January 16, 2018

 TO:      COPA Members

 Governor Cuomo's 2018-2019 State Budget Proposal 

Governor Cuomo gave his 2018/19 Budget address today, characterizing this year’s budget as more an “economic transformation plan.”  He outlined the threats before us, including a projected $4.4 billion deficit, tremendous federal cuts to healthcare and a 25% increase in income and property taxes via the limitations on state and local tax deductions (SALT).  He stated that New York State will be engaged in a lawsuit, support of a bill to reverse the federal tax plan and a major effort to restructure New York State’s tax code to protect our citizens and the economic viability of our state.  The “New York State Tax Payer Protection Act” will shift income tax away from employees and toward employers by instituting a wage tax (which is deductible from federal taxes) rather than a personal income tax.  He stated that the property tax issue, which is bigger and more difficult to solve, will begin to be dealt with in other ways which will be fully outlined shortly.  In his address, he mentioned increasing state revenue by $1 billion, a 3% increase in school spending and a 3.25% increase in health spending.  State agency budgets stay flat with $262 million for DSP’s, etc. (the 6.5% increase, indicating that the April payment is included at least in the first draft of the Governor’s proposal) and $26 million to combat the opioid crisis.  He closed the address saying we are fighting for New York’s future – that “this is the fight of our government lives.” 

 Additionally, we were encouraged that Senate Majority Leader John Flanagan’s overall brief assessment of the spending plan included #bFair2DirectCare funding.  Senator Flanagan said,

“I think there’s some good things in there. The money for education, the three percent (increase) is great. Investments in health care workers and direct care workers, all good. The revenue stuff we have to take a hard look at.”

Following are some preliminary details on the Administration’s plan that apply to our supports and services: 

 Office for People With Developmental Disabilities

 Most significantly the Executive Budget includes $191 million (state and federal funding which is an increase of $170 million) to support the 2nd year of our multi-year #bFair2DirectCare funding request for a living wage for our low wage workers (3.25 percent in January 2018 and 3.25 percent in April 2018).  The Executive Budget does not provide any additional funding for further phases of our #bFair2DirectCare request.

·        $80 million (an increase of $55 million) to support the minimum wage and related fringe benefit cost increases associated with movement to a $15 an hour living wage.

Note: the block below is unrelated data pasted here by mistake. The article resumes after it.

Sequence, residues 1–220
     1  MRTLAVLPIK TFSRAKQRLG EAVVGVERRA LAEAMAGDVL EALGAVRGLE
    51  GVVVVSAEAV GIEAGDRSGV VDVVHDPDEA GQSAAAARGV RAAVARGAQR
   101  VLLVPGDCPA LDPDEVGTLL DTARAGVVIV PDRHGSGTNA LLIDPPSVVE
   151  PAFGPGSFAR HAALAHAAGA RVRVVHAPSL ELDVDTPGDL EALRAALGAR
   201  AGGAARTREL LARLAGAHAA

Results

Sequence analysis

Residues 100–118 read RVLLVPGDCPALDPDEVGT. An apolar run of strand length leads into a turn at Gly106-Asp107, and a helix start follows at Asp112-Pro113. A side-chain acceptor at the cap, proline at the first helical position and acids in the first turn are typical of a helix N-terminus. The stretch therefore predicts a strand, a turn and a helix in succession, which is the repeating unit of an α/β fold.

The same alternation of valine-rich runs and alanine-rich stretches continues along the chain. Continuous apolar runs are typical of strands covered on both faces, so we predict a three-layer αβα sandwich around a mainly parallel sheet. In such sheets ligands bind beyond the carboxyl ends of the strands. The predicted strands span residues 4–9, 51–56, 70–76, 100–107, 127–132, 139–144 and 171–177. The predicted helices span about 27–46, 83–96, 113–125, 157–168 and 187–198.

·        In accordance with last years budget agreement, the budget proposal defers the Medicaid Trend for Not for Profit OPWDD providers in order to partially fund the #bFair2DirectCare wage increases.

·       Makes $120 million (state and Federal funding when fully annualized) in additional funding available for “Program Priorities,” including New Service Opportunities

·        $15 million in capital funds to develop independent living housing.

·       $39 million to support the transition from OPWDD’s Medicaid Service Coordination program to a comprehensive care coordination model operated through several Care Coordination Organization/Health Homes (CCO/HHs), the first step in the transition to managed care.

·       Continue the Blue Ribbon Panel to examine the feasibility of transitioning some or all operational components of the Institute for Basic Research in Developmental Disabilities (IBR) from the OPWDD to the CUNY College of Staten Island (COSI).

State Education Department

 The Executive Budget recommends $35.7 billion for the State Education Department with a $769 million (3.0 percent) school aid increase. Although the Governor highlighted the significant Education increases made by his Administration, once again there does not appear to be any funding increases or set asides for 4410 or 853 Special Education schools.

The only mention of special education is Summer School Special Education Programs which the Executive Budget proposes to more closely align State reimbursement to school districts for summer school special education tuition costs with the wealth equalized aid ratio used to reimburse school districts for similar programs operated during the school year. This change would conform reimbursement for summer school special education tuition costs with the more equitable wealth adjusted financing structure of the States School Aid funding system. Summer school special education transportation and maintenance costs will continue to be funded by the State at current rates.

 The Executive proposal includes: